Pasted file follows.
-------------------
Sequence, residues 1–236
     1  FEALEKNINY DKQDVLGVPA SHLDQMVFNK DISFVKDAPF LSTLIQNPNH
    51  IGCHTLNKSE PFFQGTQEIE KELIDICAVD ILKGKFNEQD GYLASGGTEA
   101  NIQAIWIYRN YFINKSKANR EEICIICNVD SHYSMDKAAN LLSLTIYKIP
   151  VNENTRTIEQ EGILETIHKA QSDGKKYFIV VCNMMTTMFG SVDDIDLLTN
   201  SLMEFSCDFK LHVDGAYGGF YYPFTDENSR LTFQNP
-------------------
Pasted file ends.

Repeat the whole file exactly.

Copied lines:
Sequence, residues 1–236
     1  FEALEKNINY DKQDVLGVPA SHLDQMVFNK DISFVKDAPF LSTLIQNPNH
    51  IGCHTLNKSE PFFQGTQEIE KELIDICAVD ILKGKFNEQD GYLASGGTEA
   101  NIQAIWIYRN YFINKSKANR EEICIICNVD SHYSMDKAAN LLSLTIYKIP
   151  VNENTRTIEQ EGILETIHKA QSDGKKYFIV VCNMMTTMFG SVDDIDLLTN
   201  SLMEFSCDFK LHVDGAYGGF YYPFTDENSR LTFQNP